Time spent researching a topic online will yield a wealth of information from many sources. Unfortunately, so much of that information is redundant. Reading each wastes time.
The holy grail of information hunting is to find that one document that sufficiently covers the topic, contains all the relevant data, with no duplicate information in the form of either text or images.
Air Force researchers at the Information Directorate in Rome, New York, have put their heads to this issue and developed a system for removing redundant text and images from digital documents.
It comprises the steps of organizing text into sentences and paragraphs; analyzing the sentences and the paragraphs; comparing this with other documents; and identifying redundancies between the documents. Further steps include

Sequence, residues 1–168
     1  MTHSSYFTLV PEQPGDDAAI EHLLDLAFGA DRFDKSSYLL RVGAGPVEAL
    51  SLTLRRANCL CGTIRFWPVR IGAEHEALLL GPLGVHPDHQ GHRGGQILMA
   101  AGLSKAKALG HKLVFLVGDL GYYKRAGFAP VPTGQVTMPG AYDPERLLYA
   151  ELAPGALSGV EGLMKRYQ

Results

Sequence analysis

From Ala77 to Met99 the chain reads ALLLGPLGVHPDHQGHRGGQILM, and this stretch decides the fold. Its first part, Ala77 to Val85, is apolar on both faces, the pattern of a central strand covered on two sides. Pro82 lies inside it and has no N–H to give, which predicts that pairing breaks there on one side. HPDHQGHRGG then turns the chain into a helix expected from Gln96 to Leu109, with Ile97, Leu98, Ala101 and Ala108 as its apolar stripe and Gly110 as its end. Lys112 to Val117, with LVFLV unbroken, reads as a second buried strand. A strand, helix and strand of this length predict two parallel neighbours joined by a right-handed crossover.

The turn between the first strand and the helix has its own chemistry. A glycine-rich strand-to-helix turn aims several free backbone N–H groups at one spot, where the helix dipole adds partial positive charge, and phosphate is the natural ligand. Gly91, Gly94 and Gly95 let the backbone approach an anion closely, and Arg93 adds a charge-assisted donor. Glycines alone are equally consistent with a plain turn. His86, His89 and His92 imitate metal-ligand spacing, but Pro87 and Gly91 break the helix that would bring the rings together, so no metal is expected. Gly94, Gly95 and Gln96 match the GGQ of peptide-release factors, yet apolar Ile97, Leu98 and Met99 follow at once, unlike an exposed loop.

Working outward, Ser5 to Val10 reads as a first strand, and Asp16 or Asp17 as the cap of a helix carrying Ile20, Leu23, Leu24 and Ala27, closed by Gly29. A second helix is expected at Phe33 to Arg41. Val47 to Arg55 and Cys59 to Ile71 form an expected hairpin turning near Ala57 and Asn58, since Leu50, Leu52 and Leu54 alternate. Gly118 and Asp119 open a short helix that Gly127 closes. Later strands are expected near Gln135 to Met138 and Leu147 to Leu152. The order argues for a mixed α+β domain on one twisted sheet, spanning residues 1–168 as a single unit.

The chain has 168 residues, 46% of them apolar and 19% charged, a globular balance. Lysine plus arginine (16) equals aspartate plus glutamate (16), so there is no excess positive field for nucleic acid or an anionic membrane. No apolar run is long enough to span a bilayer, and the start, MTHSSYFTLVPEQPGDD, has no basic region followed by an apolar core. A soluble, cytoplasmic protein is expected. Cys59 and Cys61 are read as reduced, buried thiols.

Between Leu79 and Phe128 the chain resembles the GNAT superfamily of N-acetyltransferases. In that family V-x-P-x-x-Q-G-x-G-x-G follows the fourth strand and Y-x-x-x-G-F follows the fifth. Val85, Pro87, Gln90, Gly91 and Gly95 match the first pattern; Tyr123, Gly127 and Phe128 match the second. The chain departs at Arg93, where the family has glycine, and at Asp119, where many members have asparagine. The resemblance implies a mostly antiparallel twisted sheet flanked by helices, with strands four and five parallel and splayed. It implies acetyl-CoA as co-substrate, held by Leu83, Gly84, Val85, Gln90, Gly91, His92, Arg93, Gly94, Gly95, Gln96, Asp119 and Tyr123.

- Extracting statistical features such as the size of a paragraph in characters; character histograms; the number of sentences; the number of words in each sentence; word histograms; and the starting and ending word of each sentence
- Determining whether similar statistical features exist and if so, then deciding the paragraphs are similar,
- Removing redundant paragraphs,
- Comparing sentences and paragraphs with other documents
- Determining whether the paragraphs are placed in a different order and if so, then analyzing the starting word of each sentence, and analyzing the length of each sentence
This invention also examines all the images related to the set of original documents and removes the same or similar images while keeping pointers that could assist in a future reconstruction of the original documents. At this point, the invention merges text-paragraphs and images and creates the new document.
- Software greatly saves time and increases quality in information gathering
- Applicable across digital documents
- US patent 7,017,113 available for license